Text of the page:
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SENNA (director: Asif Kapadia; screenwriter: Manish Pandey; editors: Gregers Sall/Chris King; music: Antonio Pinto; cast: Alain Prost, Dr. Sid Watkins, Frank Williams, Jean-Marie Balestre, Ayrton Senna; Runtime: 104; MPAA Rating: PG-13; producers: James Gay-Rees/Tim Bevan/Eric Fellner; Universal Pictures; 2010)

“Though the film seemingly had a good ambassador for the sport, astounding racing footage and was well-presented, the subject matter never fully engaged me.”

Reviewed by Dennis Schwartz

Asif Kapadia (“Far North”/”The Return”/”The Warrior”) directs this ESPN film on the legendary Formula One driver from Brazil, Ayrton Senna, from his first pro season in 1984 until his untimely death at the age of 34 in a racing accident in 1994 at the San Marino Grand Prix. I went into the film knowing zilch about the sport and not caring a darn about it, and though the film seemingly had a good ambassador for the sport, astounding racing footage and was well-presented, the subject matter never fully engaged me.

The film consists of interviews with the subject, his friends, his family, drivers and others in the racing business. What gives the pic its glitter are the TV clips, racing footage from the archives, rare backstage footage of controversial drivers’ only meetings and home movies of Senna’s close knit Catholic family relaxing at home or by the sea.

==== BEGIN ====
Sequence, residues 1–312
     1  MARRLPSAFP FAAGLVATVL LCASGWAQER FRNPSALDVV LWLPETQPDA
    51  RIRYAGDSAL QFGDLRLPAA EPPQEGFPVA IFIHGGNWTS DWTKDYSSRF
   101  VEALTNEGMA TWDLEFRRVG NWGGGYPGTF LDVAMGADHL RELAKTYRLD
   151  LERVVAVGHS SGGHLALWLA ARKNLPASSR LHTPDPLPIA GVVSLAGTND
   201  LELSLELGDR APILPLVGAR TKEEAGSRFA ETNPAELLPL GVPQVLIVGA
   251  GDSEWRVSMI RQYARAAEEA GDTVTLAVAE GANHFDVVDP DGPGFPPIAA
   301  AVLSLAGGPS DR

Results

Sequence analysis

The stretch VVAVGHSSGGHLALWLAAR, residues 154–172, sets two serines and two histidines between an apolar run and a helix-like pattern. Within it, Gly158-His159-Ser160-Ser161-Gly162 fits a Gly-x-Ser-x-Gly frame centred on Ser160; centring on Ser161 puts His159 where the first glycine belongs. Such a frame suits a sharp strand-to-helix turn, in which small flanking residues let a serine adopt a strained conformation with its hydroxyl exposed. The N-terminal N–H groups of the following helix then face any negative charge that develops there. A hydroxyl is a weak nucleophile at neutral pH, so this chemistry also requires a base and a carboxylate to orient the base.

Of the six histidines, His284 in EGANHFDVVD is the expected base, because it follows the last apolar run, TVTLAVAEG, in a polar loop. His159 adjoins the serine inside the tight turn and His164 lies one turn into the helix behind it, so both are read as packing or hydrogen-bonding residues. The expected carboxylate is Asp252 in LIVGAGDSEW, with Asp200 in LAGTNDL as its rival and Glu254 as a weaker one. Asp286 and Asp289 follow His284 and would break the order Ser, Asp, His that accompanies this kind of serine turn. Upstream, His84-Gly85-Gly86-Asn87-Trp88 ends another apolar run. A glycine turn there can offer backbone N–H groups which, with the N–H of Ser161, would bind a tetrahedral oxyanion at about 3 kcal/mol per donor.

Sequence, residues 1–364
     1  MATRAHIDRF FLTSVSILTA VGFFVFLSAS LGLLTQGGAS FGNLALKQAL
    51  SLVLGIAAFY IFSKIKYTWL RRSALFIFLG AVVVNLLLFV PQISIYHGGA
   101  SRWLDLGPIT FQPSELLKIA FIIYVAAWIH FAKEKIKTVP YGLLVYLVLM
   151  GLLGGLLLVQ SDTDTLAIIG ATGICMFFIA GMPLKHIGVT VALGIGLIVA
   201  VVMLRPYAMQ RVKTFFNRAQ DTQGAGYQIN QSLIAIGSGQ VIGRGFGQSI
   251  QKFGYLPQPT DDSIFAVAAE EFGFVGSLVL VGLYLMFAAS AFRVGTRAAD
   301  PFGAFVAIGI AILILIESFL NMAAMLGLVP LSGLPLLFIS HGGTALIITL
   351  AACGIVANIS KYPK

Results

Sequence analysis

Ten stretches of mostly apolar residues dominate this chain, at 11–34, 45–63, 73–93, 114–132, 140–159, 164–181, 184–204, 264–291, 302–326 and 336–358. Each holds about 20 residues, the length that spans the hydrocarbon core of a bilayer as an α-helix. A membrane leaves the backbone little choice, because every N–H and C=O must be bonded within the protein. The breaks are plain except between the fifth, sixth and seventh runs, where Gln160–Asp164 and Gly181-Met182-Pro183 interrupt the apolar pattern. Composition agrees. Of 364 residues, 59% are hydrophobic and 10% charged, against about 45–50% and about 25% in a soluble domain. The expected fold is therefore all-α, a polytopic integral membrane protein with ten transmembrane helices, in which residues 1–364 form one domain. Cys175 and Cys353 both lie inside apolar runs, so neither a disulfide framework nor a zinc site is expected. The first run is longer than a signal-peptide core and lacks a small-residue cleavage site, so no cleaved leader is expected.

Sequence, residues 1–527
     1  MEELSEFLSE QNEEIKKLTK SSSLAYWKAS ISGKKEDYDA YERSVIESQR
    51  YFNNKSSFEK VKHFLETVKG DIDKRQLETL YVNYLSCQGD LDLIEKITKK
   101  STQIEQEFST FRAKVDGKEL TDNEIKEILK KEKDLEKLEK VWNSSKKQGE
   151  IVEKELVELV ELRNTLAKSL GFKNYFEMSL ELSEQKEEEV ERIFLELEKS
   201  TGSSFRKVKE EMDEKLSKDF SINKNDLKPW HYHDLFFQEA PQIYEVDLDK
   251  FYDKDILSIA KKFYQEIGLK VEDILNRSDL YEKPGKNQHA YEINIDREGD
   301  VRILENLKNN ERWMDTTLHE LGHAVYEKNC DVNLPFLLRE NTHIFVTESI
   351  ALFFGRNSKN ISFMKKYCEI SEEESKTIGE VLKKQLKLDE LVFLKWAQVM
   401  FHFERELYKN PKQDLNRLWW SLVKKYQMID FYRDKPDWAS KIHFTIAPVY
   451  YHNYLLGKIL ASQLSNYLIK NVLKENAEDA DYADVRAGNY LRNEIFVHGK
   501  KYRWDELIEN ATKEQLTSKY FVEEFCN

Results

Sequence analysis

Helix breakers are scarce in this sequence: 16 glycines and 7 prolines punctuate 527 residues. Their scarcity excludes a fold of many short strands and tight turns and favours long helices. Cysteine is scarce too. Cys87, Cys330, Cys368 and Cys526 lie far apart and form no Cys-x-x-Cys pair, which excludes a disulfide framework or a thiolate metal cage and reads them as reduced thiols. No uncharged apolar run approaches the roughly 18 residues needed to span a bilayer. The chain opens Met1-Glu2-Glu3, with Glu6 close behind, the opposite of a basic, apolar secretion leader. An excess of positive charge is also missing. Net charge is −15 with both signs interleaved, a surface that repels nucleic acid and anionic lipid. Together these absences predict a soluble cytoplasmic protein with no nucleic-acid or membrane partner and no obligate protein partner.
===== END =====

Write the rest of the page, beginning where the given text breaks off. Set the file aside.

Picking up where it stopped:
Senna, from a wealthy family and a person of deep faith, is shown in his public rise from obscurity to an international celebrity as a self-promoting racing star who brought great publicity to the Formula 1 sport, an organization he challenged for their political maneuverings. We first see him racing at the 1984 Monaco Grand Prix. The last we see of him is in front of a live television audience of some 300 million when his car hit a wall at the track at the San Marino Grand Prix. No reason was uncovered for the fatal accident, except for the possibility that the steering wheel broke and the car couldn’t be controlled.

Senna was loved by the Brazilian people for his courage, good looks, patriotism and his charity work of helping underprivileged children. He won three World Championships in his decade of professional racing.

Frenchman Alain Prost, a level-headed but calculating pragmatist, was the fiery and very competitive Senna’s main rival. While Frenchman Jean-Marie Balestre, the president of the Fédération Internationale de Sport Automobile, favored Prost, and here is positioned as the film’s possible villain as he’s shown always ruling against Senna.

The pic is sketchy in its personal profile of its high living bachelor subject, but points out that Senna always tried for excellence, was never satisfied with his accomplishments and enjoyed the thrill of living on the edge (even accused by other drivers of being a cutthroat driver who dangerously bumped into them in his zeal to win at any cost), and felt his dangerous occupation helped him believe in God with such passion.

REVIEWED ON 10/16/2011 GRADE: B-

Dennis Schwartz: “Ozus’ World Movie Reviews”